Courtesy: Put Together
The Rev. Shawn Amos will release his latest full-length studio recording this spring. Blue Sky is scheduled for release April 17 through Put Together. The 10-song, 32-minute recording is Amos’ first recording with his new band, The Brotherhood. The band consists of Brady Blade (Indigo Girls, Dave Matthews) on drums, Christopher Thomas (Norah Jones, Carly Simon, Macy Gray) on bass and Amos’ longtime friend and guitarist Chris “Doctor” Roberts. Amos said in a recent interview of the album, “Making this album has allowed me to bring both sides of myself as a writer together,” noting his blues and Americana sides as those two sides. He was right in his statement, as is evidenced throughout the course of the album. Of course the album offers more than those two elements, as the album’s finale, ‘Keep The Faith, Have Some Fun (ft. Mudbug Brass Band’ shows. This song will be addressed shortly. ‘The Pity and The Pain (ft. Kenya Hathaway)’ is one of the best of the album’s blues offerings. It comes late in the album’s run, and will be addressed a little later. The album’s opener, ‘Stranger Than Today’ is the most notable of its Americana offerings. It will be addressed later. All three songs are important in their own right to Blue Sky. When they are considered along with the rest of the album’s offerings, the whole of the album proves to be among this year’s top new jazz and blues albums.
The Rev. Shawn Amos’ latest full-length studio recording Blue Sky is another strong new offering from the veteran singer-songwriter. That is thanks to the combination of the album’s musical and lyrical content. The album’s celebratory finale, ‘Keep The Faith, Have Some Fun (ft. Mudbug Brass Band).’ The song’s musical arrangement is anything but the mix of Americana and blues that Amos said he wanted to bring together on this record. That is not a bad thing, though. The song’s musical arrangement is a full-on funky Dixieland opus complete with horns and percussion that would be a perfect fit at any Mardi Gras parade. The groove created by all involved creates such an infectious groove that it becomes the perfect closer for the album and in general, one of the album’s strongest entries, if not its strongest. The call and response that is used in the song’s opening only serves to strengthen that impact even more. All things considered here, the musical portion of ‘Keep The Faith, Have Some Fun (ft. Mudbug Brass Band)’ does more than its share to make the song stand out as an example of what makes the record so enjoyable. The song’s upbeat musical content couples with its equally bright lyrical outlook to make the song that much stronger.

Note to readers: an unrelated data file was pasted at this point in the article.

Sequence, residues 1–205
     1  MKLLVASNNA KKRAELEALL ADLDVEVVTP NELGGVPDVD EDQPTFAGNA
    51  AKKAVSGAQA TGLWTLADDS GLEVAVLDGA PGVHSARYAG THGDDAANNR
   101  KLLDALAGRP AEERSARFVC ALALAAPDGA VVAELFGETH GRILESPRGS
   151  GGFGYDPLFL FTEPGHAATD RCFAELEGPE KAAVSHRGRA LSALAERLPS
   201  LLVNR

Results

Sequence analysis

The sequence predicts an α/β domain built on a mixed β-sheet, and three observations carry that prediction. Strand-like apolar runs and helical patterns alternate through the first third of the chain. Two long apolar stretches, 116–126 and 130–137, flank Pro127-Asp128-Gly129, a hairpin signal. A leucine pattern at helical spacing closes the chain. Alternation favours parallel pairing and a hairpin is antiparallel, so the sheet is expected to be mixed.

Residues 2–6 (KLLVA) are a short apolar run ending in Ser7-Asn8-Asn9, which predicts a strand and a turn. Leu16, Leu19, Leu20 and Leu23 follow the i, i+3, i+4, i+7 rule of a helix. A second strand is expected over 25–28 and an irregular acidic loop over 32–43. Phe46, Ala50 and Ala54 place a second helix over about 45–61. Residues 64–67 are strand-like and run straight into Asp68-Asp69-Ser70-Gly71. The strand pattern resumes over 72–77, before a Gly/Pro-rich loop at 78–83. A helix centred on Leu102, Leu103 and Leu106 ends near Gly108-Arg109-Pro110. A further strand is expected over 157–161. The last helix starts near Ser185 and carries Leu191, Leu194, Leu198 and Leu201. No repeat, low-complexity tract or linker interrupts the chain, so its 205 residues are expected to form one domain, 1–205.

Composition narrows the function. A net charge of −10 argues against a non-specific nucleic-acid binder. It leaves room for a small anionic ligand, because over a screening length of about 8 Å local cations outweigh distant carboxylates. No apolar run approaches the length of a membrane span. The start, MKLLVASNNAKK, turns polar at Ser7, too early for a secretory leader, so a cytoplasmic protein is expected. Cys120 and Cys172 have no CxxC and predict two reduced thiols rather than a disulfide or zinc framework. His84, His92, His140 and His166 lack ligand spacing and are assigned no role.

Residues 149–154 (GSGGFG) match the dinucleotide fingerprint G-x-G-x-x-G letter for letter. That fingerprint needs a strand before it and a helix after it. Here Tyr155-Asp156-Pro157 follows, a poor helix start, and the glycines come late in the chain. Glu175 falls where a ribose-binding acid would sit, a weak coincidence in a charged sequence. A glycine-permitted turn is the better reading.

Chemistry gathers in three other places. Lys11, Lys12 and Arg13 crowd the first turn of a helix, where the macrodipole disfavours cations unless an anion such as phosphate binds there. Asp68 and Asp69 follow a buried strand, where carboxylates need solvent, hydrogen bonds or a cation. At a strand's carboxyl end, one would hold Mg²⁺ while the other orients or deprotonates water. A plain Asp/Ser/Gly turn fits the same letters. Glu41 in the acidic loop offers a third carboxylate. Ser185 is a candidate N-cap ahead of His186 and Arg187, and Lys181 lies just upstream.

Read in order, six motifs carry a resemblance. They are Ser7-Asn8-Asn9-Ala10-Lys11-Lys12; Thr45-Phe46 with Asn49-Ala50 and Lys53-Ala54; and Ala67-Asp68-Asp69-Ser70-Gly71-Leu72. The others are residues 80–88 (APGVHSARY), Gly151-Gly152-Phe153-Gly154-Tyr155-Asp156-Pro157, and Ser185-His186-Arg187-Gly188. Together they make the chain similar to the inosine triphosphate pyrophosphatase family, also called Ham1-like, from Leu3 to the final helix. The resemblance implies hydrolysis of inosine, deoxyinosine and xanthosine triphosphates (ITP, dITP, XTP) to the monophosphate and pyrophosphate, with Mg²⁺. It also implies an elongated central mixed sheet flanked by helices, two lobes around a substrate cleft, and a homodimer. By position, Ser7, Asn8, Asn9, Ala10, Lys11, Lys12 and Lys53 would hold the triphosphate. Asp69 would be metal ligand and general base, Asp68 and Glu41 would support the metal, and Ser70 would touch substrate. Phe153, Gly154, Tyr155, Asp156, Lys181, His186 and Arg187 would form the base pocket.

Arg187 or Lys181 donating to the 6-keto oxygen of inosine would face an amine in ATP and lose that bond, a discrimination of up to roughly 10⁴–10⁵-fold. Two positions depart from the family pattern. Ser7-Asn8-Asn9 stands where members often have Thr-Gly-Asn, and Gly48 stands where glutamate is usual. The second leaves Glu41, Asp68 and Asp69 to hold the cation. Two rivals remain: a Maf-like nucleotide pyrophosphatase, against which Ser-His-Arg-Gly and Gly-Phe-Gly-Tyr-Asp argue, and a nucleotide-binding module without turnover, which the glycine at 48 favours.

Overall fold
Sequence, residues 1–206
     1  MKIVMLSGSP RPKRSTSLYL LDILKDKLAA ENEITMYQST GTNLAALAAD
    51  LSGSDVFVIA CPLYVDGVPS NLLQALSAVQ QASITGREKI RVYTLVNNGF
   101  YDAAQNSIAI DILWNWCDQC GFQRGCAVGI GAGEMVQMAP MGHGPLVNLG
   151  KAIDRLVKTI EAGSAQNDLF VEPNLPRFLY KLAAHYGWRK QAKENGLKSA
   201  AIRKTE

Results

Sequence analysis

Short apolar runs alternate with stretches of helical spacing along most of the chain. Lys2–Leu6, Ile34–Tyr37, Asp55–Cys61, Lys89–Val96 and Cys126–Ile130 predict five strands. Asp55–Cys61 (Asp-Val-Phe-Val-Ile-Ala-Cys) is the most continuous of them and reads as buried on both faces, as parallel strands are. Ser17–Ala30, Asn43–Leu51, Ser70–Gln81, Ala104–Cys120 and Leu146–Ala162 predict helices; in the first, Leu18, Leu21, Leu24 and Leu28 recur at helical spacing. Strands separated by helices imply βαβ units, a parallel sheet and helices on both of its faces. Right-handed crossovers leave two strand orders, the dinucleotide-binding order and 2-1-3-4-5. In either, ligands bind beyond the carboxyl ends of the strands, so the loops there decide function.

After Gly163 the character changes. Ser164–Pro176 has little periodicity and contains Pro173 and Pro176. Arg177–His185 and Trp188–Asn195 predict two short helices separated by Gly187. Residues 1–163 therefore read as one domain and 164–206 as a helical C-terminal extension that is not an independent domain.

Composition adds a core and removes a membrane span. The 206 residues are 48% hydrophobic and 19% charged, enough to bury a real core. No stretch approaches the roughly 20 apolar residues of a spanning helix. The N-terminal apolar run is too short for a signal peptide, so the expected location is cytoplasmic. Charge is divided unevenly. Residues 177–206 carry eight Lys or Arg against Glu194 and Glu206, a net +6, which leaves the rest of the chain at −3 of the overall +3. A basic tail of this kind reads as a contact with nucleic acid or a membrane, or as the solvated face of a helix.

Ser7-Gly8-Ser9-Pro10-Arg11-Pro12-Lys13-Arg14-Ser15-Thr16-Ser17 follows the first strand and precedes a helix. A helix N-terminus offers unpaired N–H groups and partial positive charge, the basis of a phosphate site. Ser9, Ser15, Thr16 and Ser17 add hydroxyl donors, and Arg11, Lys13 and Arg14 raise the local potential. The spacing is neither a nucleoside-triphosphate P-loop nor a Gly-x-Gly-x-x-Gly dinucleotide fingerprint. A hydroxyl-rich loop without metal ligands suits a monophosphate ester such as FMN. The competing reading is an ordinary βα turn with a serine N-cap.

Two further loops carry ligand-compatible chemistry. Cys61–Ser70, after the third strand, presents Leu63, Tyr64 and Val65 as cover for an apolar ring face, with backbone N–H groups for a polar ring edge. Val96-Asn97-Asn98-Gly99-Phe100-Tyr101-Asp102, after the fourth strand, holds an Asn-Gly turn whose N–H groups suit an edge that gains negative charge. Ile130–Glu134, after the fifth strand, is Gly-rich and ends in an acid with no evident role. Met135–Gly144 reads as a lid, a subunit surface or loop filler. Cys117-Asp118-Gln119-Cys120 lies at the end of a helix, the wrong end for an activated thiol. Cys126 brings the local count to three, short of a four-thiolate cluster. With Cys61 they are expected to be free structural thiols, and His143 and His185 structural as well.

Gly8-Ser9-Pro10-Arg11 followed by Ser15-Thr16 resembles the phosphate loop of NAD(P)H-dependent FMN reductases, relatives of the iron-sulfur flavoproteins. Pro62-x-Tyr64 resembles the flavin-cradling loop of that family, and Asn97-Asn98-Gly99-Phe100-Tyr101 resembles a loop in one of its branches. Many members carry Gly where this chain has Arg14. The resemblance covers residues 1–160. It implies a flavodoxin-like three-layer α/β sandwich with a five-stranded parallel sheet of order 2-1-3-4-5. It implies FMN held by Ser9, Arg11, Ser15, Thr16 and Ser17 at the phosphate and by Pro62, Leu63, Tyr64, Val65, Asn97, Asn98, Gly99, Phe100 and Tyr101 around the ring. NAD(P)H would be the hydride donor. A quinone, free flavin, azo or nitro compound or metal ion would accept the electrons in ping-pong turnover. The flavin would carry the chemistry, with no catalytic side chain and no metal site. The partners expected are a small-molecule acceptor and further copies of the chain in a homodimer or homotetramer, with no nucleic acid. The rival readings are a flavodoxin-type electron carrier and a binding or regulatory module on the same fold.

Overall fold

Amos sings in the song’s lead verse along with his band mates and fellow musicians, “Life is good/That’s what I say (Living every day)/Bring me that good life/Bring it my way (Living every day)/Life is good/That’s what I say (Living every day)/Bring me that good life/Bring it my way.” The group continues in the song’s second verse, “You’re free to have some fun/Spread a little joy, everyone/Keep the faith/Have some fun/Spread a little joy, everyone/Keep the faith/Have some fun/Spread a little joy to everyone.” The collective adds in the song’s third and final verse, “Love is good/That’s what I say (Loving every day)/Bring me that sweet love/Bring it may way/Keep the faith/Have some fun/Spread a little joy to everyone.” Simply put, this is a feel good work both musically and lyrically that will put a smile on everybody’s face with its completely celebratory nature. What’s more it is simple and accessible in its lyrical content. That, along with the infectious grooves in the musical arrangement makes the song in whole a powerful addition to Blue Sky. It is just one of the album’s most notable works. ‘The Pity and the Pain (ft. Kenya Hathaway) is another standout addition to the album.
‘The Pity and the Pain (ft. Kenya Hathaway)’ is among this album’s best blues offerings. That is due in part to its r&b-infused, keyboard driven arrangement. Amos wastes no time conjuring thoughts of Ray Charles in the song’s opening bars, with just him and a keyboard. The gritty sound in Amos’ vocals works with that piano sound to even more make the song comparable to Charles’ works. The introduction of Roberts’ subtle guitar line, Blade’s equally subtle work on the drums and Thomas’ bass line to the whole makes the arrangement in whole a musical whole that is truly memorable. When the melancholy nature of the arrangement is set alongside the song’s bittersweet lyrical content, the whole of the song adds even more to its noteworthy nature.